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NATIONAL BRIEFS


WASHINGTON: Asking Iraq for terror suspect

The White House has asked Iraq to review the case of a Hezbollah commander accused of masterminding a 2007 attack that killed five American soldiers or hand him over to the United States, a senior Obama administration official said Thursday, though two Iraqi courts have declared him not guilty. The case is a tricky aftermath of the long U.S. military campaign in Iraq that ended last year. Ali Mussa Daqduq has been released from prison but is being held under house arrest in Baghdad's heavily fortified Green Zone. The Lebanese citizen is considered a top threat to Americans in the Middle East and was detained for more than four years by the U.S. military before it left Iraq in December.


BP paying for Texas blast

Oil giant BP has agreed to pay an additional $13 million to settle charges of failing to fix safety violations at its Texas City oil refinery after a 2005 explosion killed 15 workers. The settlement announced Thursday is the latest move toward resolving hundreds of violations at the plant alleged by the federal Occupational Safety and Health Administration. BP had already paid $50 million in 2010 to settle some of the OSHA violations. The settlement comes as BP attempts to restore its global reputation and resolve litigation over the 2010 oil spill in the Gulf of Mexico.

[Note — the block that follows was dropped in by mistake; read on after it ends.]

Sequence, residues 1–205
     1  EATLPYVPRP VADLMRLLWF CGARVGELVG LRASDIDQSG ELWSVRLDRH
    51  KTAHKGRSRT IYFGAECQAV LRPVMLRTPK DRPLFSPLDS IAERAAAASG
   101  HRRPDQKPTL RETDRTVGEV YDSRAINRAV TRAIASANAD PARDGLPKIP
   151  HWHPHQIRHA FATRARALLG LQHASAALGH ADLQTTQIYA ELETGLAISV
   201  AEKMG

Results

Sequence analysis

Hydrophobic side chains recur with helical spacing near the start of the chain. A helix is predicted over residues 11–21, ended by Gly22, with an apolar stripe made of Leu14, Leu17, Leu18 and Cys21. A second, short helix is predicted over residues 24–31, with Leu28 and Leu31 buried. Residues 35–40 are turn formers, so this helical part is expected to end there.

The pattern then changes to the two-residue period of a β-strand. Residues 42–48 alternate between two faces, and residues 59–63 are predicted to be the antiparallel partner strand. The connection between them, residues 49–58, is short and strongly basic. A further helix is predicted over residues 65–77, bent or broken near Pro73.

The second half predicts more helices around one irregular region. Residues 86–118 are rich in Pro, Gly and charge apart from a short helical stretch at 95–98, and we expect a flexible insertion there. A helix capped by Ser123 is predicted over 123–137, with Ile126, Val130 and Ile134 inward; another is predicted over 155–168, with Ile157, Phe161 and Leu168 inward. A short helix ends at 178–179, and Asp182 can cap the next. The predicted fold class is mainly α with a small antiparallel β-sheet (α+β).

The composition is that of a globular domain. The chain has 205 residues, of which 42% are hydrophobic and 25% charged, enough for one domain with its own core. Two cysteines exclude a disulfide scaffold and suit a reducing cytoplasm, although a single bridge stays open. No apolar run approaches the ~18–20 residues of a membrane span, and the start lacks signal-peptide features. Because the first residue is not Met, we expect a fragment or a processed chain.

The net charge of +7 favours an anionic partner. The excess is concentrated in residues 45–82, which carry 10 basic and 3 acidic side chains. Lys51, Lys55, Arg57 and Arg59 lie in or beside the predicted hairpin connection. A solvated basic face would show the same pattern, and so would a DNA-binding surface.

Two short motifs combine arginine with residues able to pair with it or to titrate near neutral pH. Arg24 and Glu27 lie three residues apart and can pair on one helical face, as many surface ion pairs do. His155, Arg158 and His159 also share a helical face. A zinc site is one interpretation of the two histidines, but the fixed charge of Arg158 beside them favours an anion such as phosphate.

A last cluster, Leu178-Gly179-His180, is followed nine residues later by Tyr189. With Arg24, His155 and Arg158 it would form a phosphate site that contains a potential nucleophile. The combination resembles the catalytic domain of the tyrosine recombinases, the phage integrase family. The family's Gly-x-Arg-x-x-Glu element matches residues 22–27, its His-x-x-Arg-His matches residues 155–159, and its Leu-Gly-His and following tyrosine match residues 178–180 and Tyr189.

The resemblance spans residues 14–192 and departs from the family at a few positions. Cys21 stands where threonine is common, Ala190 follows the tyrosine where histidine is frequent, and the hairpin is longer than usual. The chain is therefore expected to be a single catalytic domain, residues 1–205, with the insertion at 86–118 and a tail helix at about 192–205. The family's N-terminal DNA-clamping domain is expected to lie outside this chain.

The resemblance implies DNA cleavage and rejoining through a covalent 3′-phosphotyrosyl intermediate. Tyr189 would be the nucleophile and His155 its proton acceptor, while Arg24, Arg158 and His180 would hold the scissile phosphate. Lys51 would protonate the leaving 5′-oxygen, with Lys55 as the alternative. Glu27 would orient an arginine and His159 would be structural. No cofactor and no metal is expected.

NEVADA: Rampaging chimps quelled

Two chimpanzees escaped a Las Vegas backyard and rampaged through a neighborhood Thursday, pounding on cars and jumping into at least one vehicle before police killed one and tranquilized the other, authorities said. No people were hurt. Police said they had no choice but to kill after the agitated animals escaped their enclosure and ran through yards, opening car doors in a neighborhood of horse pens, palm trees and tile-roofed, landscaped homes.

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